Only time will tell, but in the meantime I urge anyone who doesn't have to use public transport not to. The fewer people that go out the harder it will be for the virus to spread. It's that simple. I'm listening to the traffic go by my window on a Sunday afternoon and wonder where the hell everyone is going - they can't all be hospital or other key workers.

To all my friends in the transport industry I'll be praying for you, everyone from MD's to cleaners. Thank you for what you're doing, those who will genuinely need your services will owe you a debt of gratitude, and let's all hope you are all still very much still doing what you do best long into the future. However, I do not genuinely need your services, so for the time being I'm putting the blog on ice. I won't be going out doing what I love - riding buses and trains - for who knows how long, until Government advise changes I guess, although if the last cl90 services is tomorrow then Greater Anglia don't believe this will be on the way out in 12 weeks anymore than the rest of us do. I'll still be active on Twitter (@busandtrainpage) so give me a follow there for any updates and what will be rare pics or vids.

Stay safe, be sensible, and we'll wait to see what colour light is at the end of this tunnel.

Monday, 17 February 2020

Now I Know My ABC I Can Get To Peterborough!

Doesn't rhyme, I know, but I've been up a very long time. Since yesterday in fact, as today saw the launch of the much anticipated new fleet of 19 Scania ADL E400 Citi buses on the formerly X1, then XL, (which made the route sound like a burger) Norwich to Peterborough route, all 84 miles of it. Now re-branded Excel it has 4 lettered routes, all variations on a theme, but providing new and well imagined variety and options on the route. As I was one of the first to know about the unique Scania/E400C combination I thought it only right that I should be the first passenger on one. That meant leaving home at stupid o'clock to drive to Kings Lynn in order to get the first new bus operated service, the 0530 Kings Lynn to Peterborough.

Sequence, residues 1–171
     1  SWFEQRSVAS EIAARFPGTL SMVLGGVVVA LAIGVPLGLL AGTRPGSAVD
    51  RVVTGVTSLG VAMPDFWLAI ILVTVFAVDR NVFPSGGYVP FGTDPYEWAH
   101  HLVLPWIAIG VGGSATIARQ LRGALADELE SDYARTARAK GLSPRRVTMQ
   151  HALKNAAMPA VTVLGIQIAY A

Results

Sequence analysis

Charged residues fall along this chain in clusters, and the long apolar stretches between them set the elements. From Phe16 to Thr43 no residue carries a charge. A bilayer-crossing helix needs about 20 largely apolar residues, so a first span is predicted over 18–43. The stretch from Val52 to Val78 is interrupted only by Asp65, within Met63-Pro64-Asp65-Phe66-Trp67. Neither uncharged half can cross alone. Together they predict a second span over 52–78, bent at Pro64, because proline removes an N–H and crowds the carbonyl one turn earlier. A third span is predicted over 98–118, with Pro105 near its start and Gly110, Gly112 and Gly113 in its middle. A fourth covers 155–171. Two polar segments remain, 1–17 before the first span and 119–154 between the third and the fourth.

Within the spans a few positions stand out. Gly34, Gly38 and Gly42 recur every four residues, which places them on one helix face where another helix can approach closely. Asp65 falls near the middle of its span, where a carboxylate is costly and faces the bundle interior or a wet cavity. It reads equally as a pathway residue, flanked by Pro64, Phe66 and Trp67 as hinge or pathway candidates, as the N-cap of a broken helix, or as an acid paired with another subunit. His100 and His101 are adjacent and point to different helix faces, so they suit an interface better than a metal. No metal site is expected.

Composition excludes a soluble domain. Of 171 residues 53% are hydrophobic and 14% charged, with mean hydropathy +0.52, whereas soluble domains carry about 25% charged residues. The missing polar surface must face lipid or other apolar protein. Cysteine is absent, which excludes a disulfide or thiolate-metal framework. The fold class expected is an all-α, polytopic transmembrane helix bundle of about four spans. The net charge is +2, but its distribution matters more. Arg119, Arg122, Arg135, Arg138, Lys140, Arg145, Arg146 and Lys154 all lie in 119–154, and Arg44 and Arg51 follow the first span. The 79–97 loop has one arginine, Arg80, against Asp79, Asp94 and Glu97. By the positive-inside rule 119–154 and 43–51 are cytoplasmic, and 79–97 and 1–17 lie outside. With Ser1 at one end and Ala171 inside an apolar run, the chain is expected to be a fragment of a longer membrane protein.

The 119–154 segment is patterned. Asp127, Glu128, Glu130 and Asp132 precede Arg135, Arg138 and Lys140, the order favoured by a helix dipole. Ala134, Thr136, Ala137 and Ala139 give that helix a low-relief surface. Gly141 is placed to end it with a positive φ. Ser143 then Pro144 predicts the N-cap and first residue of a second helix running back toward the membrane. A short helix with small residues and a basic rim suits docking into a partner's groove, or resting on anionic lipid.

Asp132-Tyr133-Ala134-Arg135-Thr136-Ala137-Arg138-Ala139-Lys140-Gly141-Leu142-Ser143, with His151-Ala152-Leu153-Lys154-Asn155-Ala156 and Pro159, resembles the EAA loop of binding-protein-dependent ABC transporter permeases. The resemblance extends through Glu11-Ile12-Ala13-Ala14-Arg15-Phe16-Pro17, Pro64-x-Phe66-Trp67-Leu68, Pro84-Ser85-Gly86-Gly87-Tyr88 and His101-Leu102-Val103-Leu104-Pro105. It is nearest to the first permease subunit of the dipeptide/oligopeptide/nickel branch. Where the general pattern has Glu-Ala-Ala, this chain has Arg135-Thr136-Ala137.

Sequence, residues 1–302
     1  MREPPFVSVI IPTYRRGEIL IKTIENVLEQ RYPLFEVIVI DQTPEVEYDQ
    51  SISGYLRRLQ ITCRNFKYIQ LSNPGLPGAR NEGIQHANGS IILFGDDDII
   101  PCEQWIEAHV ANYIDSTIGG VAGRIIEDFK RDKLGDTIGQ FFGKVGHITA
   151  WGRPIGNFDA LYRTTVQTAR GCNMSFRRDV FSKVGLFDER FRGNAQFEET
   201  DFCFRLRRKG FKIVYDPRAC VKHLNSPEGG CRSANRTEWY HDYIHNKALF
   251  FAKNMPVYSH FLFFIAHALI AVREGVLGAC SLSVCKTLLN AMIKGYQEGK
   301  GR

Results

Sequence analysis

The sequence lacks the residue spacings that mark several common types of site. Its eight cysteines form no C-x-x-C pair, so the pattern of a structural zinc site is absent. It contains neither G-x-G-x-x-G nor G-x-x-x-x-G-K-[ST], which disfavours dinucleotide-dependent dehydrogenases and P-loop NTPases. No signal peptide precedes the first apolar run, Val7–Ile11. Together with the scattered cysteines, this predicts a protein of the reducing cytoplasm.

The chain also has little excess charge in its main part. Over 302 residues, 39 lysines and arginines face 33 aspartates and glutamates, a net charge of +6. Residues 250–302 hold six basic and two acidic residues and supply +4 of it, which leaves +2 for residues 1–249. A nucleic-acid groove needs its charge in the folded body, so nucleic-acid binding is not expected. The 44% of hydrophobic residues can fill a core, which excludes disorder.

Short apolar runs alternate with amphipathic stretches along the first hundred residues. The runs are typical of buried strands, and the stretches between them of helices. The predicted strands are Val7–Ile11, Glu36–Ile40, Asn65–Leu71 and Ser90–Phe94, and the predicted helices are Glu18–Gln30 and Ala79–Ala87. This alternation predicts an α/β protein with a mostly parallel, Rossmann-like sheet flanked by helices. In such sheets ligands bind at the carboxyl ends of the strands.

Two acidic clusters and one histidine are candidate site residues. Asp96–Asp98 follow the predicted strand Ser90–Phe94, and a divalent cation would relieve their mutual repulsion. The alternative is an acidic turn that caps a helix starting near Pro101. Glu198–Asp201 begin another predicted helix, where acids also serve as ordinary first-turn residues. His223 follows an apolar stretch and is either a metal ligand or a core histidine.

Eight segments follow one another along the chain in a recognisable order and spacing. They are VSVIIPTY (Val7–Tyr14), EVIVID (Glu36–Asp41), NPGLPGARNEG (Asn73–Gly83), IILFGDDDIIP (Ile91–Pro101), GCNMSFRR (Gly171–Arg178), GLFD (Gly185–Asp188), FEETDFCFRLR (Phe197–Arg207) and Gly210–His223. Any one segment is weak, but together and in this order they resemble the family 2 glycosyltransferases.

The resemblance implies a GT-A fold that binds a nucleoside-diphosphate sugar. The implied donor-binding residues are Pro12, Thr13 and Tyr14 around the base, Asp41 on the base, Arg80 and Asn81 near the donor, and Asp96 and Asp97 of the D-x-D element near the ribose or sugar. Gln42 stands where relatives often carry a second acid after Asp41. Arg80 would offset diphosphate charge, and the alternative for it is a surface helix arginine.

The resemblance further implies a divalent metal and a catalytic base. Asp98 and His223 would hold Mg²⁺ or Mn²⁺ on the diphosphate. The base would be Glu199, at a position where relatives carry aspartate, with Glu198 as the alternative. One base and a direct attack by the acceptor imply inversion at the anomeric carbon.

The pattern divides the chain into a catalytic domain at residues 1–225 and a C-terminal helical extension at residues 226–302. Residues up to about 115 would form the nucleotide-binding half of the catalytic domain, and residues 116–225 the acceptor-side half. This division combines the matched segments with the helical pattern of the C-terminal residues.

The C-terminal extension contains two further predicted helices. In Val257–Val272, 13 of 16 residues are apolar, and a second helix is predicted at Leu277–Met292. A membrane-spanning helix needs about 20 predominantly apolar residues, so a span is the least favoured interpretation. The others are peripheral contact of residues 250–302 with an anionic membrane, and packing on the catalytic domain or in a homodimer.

36911 in a still gloomy Peterborough, making the destination screen not camera friendly
Make no mistake, these buses look magnificent inside and out. Best Impressions' Ray Stenning was let loose and he has truly excelled (sorry) himself. How long it will last after being assaulted by branches and bus washes I don't know, but the paint job on the exterior is arguably the best I've ever seen - I'm really struggling to think of anything better I've seen in recent times. Get inside and you are met with an interior East Anglia has never seen before. A superb colour scheme and contrast, really decent lighting that isn't in your face, information screens, mainly comfy seats - as usual with ADL and First the seats above wheels or electronics cupboards are far inferior to the majority. All seats have USB chargers, phone holders, coat hooks and a bell push. There are also two tables upstairs.The stairs are easy to negotiate and well lit one side with fancy lighting, and from the other by daylight as First went for the glazed stairwell option. However, since all windows are tinted, dignity is not in jeopardy.




So to the routes. There are four variations on the route. Route A is the old route - All Stops. The A's run mainly early and late journeys, plus Sundays. Route B is hourly all stops to Kings Lynn, then runs fast to Wisbech, before reverting back to all stops to Peterborough. Route C is the game changer, hourly again running fast from Easton for Norfolk Showground to Swaffham, bypassing Dereham. This cuts 25 mins off the journey time from Norwich to Swaffham and Kings Lynn. That's a lot. It then runs all stops Kings Lynn to Wisbech, before heading to Peterborough limited stop by omitting Thorney. If you're doing the whole route the B takes 3h17m, and the C 3hr7m, so not a huge difference, but if you are going between intermediate stops, as most will, then much faster journey times are available.